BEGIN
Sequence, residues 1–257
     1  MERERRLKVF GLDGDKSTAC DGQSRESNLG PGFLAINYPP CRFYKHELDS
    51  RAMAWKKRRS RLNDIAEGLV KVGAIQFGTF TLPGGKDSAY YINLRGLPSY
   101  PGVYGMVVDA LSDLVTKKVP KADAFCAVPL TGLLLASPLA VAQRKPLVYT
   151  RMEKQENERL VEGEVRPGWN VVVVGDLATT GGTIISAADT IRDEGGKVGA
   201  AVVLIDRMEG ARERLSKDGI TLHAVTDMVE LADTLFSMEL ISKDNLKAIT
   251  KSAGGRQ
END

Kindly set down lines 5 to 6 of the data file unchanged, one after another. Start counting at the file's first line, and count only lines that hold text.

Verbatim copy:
   151  RMEKQENERL VEGEVRPGWN VVVVGDLATT GGTIISAADT IRDEGGKVGA
   201  AVVLIDRMEG ARERLSKDGI TLHAVTDMVE LADTLFSMEL ISKDNLKAIT